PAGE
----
Just about every utility in America has a low-income customer program or outreach program, many of which are a part of the government’s LIHEAP (Low Income Home Energy Assistance Program). The California Public Utility Commission lists a number of low-income bill help options on their website, including the California Alternate Rates for Energy, The Family Electric Rate Assistance Program, federal programs administered by the Department of Community Services and Development, a project providing weatherization services, various utility-based options and one with extra allowances for medical issues.
Despite many thoughts to the contrary, low income is not a small portion of the utility customer population. Caroline Winn at SDG&E estimated that more than 30 percent of their customers would be eligible for income-qualified programs in an article she wrote for us on her utility’s work in the area.
Given that low-income populations are sometimes a quarter or more of a utility’s residential customers, it is vital for the industry understand how those customers feel, what they think about these programs and how well this market segment views their options from and communications with utilities.
Earlier this year, EcoPinion released a survey where marketing agency EcoAlign and management consulting firm DEFG collaborated with insiders from the Low Income Energy Issues Forum to create a survey of low-income utility customers and their views of programs and offerings. According to their data, four in ten households making less than $50,000 have trouble paying utility bills, at least once in awhile, and one in eight received some type of payment help this last year. (Of those who received help, one in five worked directly with the utility.)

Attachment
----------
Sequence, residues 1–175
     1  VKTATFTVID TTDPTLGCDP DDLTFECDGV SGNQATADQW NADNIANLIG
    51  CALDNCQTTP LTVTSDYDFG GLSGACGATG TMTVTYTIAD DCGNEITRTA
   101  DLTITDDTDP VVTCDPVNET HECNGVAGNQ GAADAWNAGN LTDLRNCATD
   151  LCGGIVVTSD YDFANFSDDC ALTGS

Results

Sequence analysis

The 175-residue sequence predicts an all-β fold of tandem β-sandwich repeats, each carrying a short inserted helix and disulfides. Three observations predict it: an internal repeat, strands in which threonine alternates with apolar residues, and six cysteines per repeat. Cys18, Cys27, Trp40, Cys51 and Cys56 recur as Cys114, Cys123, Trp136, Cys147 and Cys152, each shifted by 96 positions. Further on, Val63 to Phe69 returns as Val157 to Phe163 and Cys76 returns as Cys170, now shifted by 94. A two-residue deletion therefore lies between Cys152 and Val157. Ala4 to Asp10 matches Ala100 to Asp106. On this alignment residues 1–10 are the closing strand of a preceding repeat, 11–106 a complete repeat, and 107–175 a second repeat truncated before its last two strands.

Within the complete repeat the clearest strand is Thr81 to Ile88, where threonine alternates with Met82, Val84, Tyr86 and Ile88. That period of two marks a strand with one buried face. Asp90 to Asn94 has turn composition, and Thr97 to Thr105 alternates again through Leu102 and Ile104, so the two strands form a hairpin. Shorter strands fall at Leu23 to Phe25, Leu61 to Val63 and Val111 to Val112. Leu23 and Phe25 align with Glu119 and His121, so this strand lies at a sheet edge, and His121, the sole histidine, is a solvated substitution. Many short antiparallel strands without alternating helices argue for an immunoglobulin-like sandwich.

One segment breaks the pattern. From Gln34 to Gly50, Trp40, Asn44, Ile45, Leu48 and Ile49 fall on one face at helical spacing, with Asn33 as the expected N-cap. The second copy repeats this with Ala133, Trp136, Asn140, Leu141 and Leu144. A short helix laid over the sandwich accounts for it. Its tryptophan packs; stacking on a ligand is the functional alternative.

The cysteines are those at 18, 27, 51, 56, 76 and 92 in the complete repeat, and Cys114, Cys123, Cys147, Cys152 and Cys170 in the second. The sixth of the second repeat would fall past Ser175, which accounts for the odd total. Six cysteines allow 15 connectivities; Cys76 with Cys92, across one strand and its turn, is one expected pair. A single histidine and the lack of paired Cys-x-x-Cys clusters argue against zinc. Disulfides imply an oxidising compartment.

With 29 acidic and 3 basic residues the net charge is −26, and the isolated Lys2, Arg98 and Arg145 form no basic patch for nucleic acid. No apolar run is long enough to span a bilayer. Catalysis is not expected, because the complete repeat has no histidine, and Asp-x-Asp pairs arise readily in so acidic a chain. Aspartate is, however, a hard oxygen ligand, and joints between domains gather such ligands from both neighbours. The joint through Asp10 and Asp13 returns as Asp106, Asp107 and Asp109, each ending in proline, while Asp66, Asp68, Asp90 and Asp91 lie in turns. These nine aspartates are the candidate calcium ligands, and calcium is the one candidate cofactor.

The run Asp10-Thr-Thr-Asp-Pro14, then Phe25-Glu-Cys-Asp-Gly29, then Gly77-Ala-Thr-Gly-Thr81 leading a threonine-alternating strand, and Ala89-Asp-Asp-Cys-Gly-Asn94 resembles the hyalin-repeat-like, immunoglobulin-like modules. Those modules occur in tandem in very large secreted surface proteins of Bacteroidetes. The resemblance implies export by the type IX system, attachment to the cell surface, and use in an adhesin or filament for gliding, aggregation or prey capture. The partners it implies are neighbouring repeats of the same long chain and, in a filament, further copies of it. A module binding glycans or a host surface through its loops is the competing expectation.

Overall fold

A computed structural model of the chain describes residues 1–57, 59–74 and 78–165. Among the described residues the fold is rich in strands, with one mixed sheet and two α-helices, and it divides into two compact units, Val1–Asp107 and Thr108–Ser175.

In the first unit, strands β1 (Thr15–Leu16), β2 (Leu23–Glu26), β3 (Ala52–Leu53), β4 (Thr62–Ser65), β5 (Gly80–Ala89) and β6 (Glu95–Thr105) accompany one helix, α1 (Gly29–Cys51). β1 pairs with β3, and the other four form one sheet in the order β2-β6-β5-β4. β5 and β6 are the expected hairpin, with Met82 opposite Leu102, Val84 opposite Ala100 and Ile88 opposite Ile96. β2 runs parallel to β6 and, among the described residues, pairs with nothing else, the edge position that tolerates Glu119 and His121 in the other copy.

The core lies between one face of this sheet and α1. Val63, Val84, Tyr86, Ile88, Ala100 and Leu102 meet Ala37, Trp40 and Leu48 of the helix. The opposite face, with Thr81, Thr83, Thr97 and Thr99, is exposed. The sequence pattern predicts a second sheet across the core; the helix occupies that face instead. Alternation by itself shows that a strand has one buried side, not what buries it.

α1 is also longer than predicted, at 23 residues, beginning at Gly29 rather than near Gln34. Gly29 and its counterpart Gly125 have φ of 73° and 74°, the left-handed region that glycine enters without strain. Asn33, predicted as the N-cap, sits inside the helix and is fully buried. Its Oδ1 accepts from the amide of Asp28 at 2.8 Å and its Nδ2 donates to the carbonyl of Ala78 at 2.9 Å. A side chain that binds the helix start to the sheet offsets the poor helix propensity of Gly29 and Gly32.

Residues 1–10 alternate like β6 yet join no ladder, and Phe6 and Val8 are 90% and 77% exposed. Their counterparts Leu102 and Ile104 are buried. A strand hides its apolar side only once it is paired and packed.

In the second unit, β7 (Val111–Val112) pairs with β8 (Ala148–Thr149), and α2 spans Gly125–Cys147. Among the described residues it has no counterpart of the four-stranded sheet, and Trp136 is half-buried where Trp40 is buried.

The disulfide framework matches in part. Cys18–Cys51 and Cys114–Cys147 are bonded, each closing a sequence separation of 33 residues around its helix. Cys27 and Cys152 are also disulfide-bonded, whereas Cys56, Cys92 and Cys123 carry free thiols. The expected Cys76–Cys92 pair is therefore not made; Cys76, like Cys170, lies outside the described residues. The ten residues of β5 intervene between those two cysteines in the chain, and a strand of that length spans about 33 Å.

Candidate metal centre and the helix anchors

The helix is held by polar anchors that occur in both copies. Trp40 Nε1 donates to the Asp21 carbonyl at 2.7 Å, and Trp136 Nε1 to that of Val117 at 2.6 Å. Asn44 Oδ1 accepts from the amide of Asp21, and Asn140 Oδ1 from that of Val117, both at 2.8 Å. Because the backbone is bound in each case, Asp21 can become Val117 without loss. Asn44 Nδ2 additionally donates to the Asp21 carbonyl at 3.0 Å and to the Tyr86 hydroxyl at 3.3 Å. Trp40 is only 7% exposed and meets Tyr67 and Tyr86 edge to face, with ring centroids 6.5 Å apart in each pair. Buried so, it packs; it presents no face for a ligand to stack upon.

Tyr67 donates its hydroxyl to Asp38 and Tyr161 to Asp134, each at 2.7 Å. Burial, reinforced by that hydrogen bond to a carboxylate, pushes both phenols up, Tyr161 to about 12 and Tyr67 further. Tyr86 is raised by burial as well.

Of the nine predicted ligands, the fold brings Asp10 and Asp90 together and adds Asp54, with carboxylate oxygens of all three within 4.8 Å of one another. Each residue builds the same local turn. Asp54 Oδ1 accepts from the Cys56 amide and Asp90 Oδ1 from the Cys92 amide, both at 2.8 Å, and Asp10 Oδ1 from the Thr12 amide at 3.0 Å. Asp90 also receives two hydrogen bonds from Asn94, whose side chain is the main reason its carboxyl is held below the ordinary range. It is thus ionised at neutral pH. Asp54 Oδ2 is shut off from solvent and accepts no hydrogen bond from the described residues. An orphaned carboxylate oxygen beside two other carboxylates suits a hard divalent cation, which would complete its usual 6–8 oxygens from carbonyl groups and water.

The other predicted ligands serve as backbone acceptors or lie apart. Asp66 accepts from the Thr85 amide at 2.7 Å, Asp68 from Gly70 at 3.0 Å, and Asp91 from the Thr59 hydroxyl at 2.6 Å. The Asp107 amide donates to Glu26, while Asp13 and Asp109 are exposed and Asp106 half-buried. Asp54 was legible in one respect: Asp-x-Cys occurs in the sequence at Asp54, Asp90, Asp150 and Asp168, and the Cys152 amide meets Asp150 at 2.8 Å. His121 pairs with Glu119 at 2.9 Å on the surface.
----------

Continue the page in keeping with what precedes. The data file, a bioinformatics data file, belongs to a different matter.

When asked how hard it was to save on their bills, there were a range of responses from “nearly impossible” to “easy,” but most labeled it “somewhat challenging.” The good news, though, is that utility bills are at the top of the list for low-income consumers when prioritizing bills. (In other words, when money is available, it’s applied first to utility bills.)
In more good news, the survey found that most people (three out of four) find the information supplied by utility companies at least “somewhat useful,” and almost half find that info “easy to understand”—although, in an interesting flip on how most companies see customer communications these days, the older respondents lead the younger ones in thinking what a utility tells them is easy to digest. (The younger ones are, apparently, more confused.)
So, what did these survey respondents find most helpful in the giant drawer of utility program options for low-income assistance? Extended payments and allowing for more frequent payments without additional fees.
In a downside note, fewer than a third knew about programs listed in the survey on how to help with bills or lower energy use. If they did know, it was because the utility told them directly, either in bill inserts or through social media and emails.
So, once all is know about programs on conservation and savings, what’s the trigger point to engage? Now that’s where things get really interesting with this survey. Although fairly evenly divided among 30% categories, there was one small bump. The largest group (33%) wanted to see more than $30 a month in savings to join, and people who have had trouble paying bills at least once were more likely to be in that over $30 category than those who had no issues paying a bill. That same group of consumers, however, expressed great interest in energy savings programs with data and matching incentives.
One not-surprising find: About half of those surveyed wanted a mobile app with info on assistance programs, EE and conservation (as well as how to enroll). Mobile really is the customer future—across the board.